Can I Paint My Horse?
If you’ve been to shows or parades involving horses, there is a good chance you’ve seen a horse that’s been painted for the occasion. Many equestrians like to add a little color to their horses for events, parades, holidays, or just for fun. If you would like to try this yourself, it’s important that you use the right kind of paint.
What kind of paint can you use on horses? To safely paint a horse, you will need to use paint that is labeled as non-toxic. You should also use water-based paint that will easily come off. There is paint made specifically for this purpose that you can purchase online, or you can use a tempera paint product.
Painting horses can be a fun project at home or for horse camps; however, it is vital to use the right kind of paint for your horse’s comfort… and for your sanity. Keep reading to learn more about specific paints to use on your horse!
Option #1 For Painting Your Horse: Tail Tamer
Tail Tamer is a brand of “pony paints” that is developed and marketed for the single purpose of painting on horses. Tail Tamer Pony Paints come in a variety of colors, including blue, lime green, light orange, pink, lavender, red, turquoise, and white. This type of paint is non-toxic and washable and a popular choice among artistic equestrians. The paint is actually a type of liquid chalk – it is slightly opaque and is easily applied.
Option #2 For Painting Your Horse: Tempera Paint
One of the most popular paints for decorating horses is tempera paint, also called poster paint. Tempera paint is a water-based paint that is non-toxic, allergen-free, and washable. Ingredients in tempera paint include calcium carbonate (a calcium supplement often used by humans), cellulose (a fiber derived from plant cells), starch, water, and pigmentation.
Tempera paint can be found in arts and crafts stores and online. Many manufacturers make tempera paint, including Crayola, which is widely used in schools due to its easy clean-up and safe ingredients. Because it is not a specialty paint, there is also the added bonus of it being relatively inexpensive. It comes in a wide variety of colors, and you can often find sets with multiple colors included.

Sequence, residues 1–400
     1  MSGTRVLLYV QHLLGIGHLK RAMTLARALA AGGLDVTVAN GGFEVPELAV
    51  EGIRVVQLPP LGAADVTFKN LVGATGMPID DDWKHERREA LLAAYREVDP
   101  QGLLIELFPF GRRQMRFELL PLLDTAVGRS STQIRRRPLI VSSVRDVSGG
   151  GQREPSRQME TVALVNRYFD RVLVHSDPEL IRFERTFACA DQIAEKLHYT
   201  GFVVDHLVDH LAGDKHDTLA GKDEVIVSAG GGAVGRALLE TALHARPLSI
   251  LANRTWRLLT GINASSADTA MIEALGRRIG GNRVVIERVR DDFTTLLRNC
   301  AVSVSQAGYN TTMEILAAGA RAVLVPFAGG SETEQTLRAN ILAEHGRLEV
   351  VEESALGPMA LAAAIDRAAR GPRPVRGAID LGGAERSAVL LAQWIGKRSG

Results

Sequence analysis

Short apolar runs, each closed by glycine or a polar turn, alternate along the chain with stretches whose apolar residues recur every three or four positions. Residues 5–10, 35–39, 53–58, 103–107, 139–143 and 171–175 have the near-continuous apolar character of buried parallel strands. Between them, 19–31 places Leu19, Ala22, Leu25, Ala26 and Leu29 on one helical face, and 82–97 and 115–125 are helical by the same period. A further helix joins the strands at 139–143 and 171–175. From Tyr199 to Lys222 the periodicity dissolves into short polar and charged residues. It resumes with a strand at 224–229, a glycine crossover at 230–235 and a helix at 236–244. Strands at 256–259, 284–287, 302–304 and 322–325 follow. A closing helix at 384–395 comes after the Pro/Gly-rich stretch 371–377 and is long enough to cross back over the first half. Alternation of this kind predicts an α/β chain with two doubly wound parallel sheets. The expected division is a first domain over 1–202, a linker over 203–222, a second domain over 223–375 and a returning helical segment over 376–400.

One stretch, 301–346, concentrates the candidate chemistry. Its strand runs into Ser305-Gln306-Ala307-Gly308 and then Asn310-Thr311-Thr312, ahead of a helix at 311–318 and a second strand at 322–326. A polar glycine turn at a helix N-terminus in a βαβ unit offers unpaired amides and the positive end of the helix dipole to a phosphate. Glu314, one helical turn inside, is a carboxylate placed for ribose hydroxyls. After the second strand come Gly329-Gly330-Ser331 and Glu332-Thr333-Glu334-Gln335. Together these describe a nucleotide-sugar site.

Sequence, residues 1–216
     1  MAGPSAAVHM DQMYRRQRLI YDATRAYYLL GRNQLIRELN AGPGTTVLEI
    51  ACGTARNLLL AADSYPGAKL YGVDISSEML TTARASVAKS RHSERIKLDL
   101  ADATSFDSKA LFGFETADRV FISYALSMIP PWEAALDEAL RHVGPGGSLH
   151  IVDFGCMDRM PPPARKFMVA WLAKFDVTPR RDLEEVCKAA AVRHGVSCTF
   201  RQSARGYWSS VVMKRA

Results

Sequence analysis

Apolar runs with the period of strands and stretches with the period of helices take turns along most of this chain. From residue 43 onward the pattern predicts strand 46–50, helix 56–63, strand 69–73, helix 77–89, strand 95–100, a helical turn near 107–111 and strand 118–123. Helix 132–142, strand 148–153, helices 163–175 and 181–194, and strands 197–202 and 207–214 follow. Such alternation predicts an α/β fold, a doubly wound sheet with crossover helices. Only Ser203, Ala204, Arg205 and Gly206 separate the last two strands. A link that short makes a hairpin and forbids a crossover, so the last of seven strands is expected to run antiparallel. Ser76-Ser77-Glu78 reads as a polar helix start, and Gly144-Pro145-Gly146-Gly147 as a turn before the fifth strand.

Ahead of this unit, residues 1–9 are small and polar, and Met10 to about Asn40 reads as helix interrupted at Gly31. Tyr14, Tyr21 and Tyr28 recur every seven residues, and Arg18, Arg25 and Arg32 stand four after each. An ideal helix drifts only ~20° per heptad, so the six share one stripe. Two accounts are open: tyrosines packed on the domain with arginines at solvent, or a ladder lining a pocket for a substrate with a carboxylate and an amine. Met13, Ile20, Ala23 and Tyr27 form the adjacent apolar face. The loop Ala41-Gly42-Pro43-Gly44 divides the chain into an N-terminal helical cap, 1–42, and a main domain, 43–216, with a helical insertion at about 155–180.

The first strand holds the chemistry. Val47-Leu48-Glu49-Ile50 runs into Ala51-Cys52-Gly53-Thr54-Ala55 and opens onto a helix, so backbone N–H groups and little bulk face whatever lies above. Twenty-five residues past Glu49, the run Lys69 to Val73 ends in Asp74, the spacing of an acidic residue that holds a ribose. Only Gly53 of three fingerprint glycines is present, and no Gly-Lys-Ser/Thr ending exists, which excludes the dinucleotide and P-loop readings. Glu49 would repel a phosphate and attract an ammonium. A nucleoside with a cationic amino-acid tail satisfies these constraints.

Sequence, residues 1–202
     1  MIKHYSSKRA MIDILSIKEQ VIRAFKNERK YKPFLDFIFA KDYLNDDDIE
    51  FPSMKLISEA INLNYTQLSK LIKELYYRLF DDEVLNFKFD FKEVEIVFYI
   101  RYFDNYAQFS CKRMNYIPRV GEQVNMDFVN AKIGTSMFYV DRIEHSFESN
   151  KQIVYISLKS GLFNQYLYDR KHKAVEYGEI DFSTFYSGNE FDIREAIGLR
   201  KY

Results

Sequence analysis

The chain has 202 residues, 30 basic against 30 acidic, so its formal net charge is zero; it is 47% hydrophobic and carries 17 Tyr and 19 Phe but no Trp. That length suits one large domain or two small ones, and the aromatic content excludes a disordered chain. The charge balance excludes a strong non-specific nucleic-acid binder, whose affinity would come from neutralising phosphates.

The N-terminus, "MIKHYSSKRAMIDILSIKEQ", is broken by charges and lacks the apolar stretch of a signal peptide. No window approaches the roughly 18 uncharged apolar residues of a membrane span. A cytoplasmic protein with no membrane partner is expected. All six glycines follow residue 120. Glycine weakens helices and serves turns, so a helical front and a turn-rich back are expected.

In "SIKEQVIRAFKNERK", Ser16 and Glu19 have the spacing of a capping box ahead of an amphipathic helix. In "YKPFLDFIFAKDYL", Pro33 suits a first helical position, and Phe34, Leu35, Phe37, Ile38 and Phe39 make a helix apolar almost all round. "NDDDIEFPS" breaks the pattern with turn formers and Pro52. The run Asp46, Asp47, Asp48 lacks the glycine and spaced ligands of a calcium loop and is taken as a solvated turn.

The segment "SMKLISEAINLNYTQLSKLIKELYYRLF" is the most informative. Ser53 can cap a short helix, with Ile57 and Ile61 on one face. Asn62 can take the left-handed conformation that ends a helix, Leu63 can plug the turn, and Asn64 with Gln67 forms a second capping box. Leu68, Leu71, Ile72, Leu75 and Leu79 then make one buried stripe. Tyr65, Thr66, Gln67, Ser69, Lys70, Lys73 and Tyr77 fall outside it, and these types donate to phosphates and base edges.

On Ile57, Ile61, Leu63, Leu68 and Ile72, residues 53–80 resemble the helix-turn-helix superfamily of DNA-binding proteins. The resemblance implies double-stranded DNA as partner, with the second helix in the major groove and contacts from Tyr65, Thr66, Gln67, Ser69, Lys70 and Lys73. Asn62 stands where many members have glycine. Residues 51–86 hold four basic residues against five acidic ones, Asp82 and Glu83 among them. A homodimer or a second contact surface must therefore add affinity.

I used tempera paint on my horse; you can see the results here:
Option #3 For Painting Your Horse: Hair Chalk, Face Paint, or Hair Spray
Another option for painting your horse is the face paint, hair chalk, or colored hair spray that you can find at many warehouse stores, beauty supply stores, or online. These are especially prevalent around Halloween and are easy to wash out. Because these are safe for humans, they are considered to be safe for horses as well.
Option #4 For Painting Your Horse: Livestock Paint
Livestock paint typically comes in spray or marker form. It is used to temporarily identify cattle, horses, hogs, or other livestock for a variety of purposes. It may be used to identify individuals who have been vaccinated during immunizations, animals who need to be separated from the herd, or to mark an animal for breeding purposes. Livestock paint usually comes in very bright colors, such as orange or lime green, to increase visibility on the ranch.
Livestock paint is non-toxic but can be difficult to remove because it is specially formulated to be water-resistant, thus remaining visible in all sorts of weather. It is designed to harden as it dries and therefore does come off when wiped. While this is an option, I would not recommend using this paint all over your horse’s body, but maybe in one small area. Also, if you do use this, expect the markings to last for weeks.
Need something fun to do while you paint? Have someone read through horse facts and see if you knew them! For a list of interesting horse facts, check out my article Horse Facts: 50 Fun Horse Facts You Haven’t Heard.
What Did Native Americans Use To Paint Their Horses?